First off, let me apologize to the great Bruce Campbell for blatantly ripping off the title of his (very good) autobiography. Imitation is, after all, the sincerest form of flattery.
Next, let me get right out there with a bold prediction. Not since Brock “Big PPV Bucks” Lesnar fought Heath “I Just Want a Ferarri too, Dana” Herring (in Brock’s hometown, no less) has the UFC favored a certain fighter to win as much as they do when Urijah Faber and Dominick Cruz throw down for the Bantamweight strap tonight.
Ok, so that’s not so much a bold prediction as it is an educated guess. And don’t get me wrong, I’m not saying that any of the UFC brass are actively playing favorites here. In fact, the UFC has a phenomenal record of hedging their bets, so to speak, in big fights so the outcome never leaves them in the lurch. Just look at the recent explosion of stars like Cain Velasquez and Jon Jones at the expense of established stars like Brock Lesnar and “Shogun” Rua.
Smart business. Other promotions (assuming any still exist) would do well to take note.
All that being said, I can pretty much guarantee that there are a lot of people in the UFC front office hoping Urijah Faber takes the 135-pound crown in the main event tonight.
The July UFC is historically one of the biggest of the year, alongside the year end and Superbowl weekend cards. Lesnar vs. Carwin was the July UFC last year. UFC 100 was the July event the year previous.
In short, the July UFC event has always been a big deal for the company.
Which is why it’s puzzling to see this years card headlined by a UFC title fight in which both the champion and the title itself are making their UFC debuts. That’s not exactly a surefire recipie for box office success.
Now don’t get me wrong, I’m not trying to slag Dominick Cruz here. I happen to think he’s a fun fighter and a great champion.
But let’s be real here: outside of MMA’s hardcore fanbase, Dominick Cruz doesn’t exist. No one outside of the Cruz family will be plunking down their $44.99 solely on the strength of his name or the newly minted UFC title around his waist.
But they will be buying this PPV—at least the UFC hopes they will—and most will be doing so to watch a fighter that combines a Wil Wheaton-esque ability to look forever 18, a chin that looks like it was drawn on by a comic book artist, and plenty of heart.
The UFC has taken this sort of gamble with Faber before, when “The California Kid” headlined the only WEC PPV in the now-defunct company’s history. That time, the gamble paid off. Sorta.
On the strength of Urijah Faber’s name/reputation/winning smile, “Aldo vs. Faber” sold over 100,000 PPV buys, quite a feat for a non-UFC branded MMA PPV.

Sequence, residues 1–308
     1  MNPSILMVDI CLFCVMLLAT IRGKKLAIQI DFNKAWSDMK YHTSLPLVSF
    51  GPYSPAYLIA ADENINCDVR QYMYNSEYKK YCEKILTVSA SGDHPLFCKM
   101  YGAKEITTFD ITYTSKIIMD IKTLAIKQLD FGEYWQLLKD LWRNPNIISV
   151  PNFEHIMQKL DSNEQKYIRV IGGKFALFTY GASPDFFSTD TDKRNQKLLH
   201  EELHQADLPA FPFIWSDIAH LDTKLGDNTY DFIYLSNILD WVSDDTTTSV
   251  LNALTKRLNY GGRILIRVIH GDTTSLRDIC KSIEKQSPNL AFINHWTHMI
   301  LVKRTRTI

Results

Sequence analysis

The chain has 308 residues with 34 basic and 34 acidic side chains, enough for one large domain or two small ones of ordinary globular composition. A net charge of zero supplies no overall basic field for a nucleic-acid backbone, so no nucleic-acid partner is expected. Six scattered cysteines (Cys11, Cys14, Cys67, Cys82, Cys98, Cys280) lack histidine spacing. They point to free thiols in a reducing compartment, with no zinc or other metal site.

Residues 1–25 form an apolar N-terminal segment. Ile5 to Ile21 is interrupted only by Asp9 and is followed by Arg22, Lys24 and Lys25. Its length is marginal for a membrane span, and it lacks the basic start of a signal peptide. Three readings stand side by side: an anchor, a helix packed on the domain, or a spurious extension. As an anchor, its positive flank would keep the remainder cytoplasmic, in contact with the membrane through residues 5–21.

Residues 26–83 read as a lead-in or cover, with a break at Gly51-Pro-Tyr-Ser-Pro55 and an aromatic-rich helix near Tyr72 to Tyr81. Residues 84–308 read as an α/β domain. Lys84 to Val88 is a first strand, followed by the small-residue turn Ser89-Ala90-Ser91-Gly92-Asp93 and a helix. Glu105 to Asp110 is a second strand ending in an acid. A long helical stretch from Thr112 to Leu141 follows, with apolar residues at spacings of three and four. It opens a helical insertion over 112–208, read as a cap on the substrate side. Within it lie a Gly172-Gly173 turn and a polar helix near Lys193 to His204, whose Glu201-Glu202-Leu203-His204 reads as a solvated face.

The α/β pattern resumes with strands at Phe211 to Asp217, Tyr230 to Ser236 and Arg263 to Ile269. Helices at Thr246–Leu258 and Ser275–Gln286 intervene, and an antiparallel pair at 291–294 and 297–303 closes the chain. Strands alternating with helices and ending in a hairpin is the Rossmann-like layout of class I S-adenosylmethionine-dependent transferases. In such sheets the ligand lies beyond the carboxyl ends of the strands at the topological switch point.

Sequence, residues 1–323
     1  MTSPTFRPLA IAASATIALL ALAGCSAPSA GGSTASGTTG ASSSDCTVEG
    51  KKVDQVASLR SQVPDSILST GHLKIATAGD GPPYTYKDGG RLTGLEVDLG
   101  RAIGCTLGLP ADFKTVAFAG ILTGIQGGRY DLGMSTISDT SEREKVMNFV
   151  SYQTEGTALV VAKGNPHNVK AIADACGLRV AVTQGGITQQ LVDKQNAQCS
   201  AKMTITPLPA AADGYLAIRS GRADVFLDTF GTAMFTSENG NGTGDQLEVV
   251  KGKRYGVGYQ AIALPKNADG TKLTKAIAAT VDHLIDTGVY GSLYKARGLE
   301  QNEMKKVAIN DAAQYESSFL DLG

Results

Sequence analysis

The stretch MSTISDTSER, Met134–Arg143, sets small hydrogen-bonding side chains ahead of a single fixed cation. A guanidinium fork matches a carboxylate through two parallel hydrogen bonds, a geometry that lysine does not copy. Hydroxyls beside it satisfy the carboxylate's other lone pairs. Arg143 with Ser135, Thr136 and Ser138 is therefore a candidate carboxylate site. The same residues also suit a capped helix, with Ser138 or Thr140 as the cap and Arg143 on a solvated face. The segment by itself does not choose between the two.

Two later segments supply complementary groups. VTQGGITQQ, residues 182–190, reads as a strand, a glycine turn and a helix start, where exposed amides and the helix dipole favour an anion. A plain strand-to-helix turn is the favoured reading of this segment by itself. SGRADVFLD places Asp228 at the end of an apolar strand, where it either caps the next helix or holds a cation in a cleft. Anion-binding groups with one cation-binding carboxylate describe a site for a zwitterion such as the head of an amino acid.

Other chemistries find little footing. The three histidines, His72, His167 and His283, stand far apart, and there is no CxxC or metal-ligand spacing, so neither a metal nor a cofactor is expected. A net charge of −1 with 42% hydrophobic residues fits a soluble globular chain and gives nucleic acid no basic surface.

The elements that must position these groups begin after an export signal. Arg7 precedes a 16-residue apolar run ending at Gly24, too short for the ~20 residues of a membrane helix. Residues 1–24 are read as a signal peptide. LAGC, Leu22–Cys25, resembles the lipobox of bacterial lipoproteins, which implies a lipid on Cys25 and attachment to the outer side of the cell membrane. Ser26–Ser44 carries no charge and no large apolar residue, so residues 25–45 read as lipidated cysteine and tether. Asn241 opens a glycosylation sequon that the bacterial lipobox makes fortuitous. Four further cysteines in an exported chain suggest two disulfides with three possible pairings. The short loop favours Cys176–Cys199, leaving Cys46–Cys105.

Ok, so Leonard Garcia and “The Korean Zombie” may have sold some last minute fence sitters, but my point remains: when the UFC bigwigs (and WEC bigwigs before them) look at Faber, they hear cash registers ring.
The UFC marketing machine constantly tells us that Urijah Faber is a “huge crossover star,” and yet it’s more wishful thinking than cold fact, as if by shouting it into the sports media echo chamber enough, eventually the echo and not the original shout will become the story.
No, Faber is not a mega-crossover star yet. I bet you couldn’t draw half the people to a serious Faber world title fight that you could to see Gina Carano mud-wrestle Meisha Tate (OK, not really a fair comparison), Kimbo Slice “fight” James Toney (don’t laugh, that almost happened), or Brock Lesnar fight his crippling venison addiction (don’t hurt me…).
What I’m trying to say is that as popular as Faber is, he has the potential to be so much more. He’s not a Liddell or a GSP yet. But he could be. He’s almost there, perched on the cusp of superstardom.
Young? Check. Handsome? Check. Charming and polite? Check and check. A good sense of business? A hell of an exciting fight style? Check all of the above. It really doesn’t get much better from a promotional standpoint—unless Faber also happened to win a few WWE titles, beat up somebody on YouTube, and go on a pre-talkshow Nyquill binge.
The problem for Faber has always been that when the spotlight shines brightest, he falters. In fact, Faber is in danger of losing his fourth consecutive world title fight, a dubious distinction for any fighter trying to break into superstardom.
At the end of the day, UFC 132 is the UFC rolling the dice on Urijah Faber’s “last hurrah.” I won’t go as far as demanding Faber’s retirement should he lose (I’ll leave that for the knee-jerk press in Faber’s own hometown). Worst case scenario, Faber will always be an exciting, well-liked fighter at any weight.
But UFC 132 could very well represent his last shot at reclaiming greatness. For the UFC, it’s their last (and best) chance to turn him into the superstar cashcow we all know he can be. The UFC has staked their entire summer (or at least it’s most important month) on that train finally pulling into the station.
All that stands in the way is Dominick Cruz and those endlessly fickle fight gods.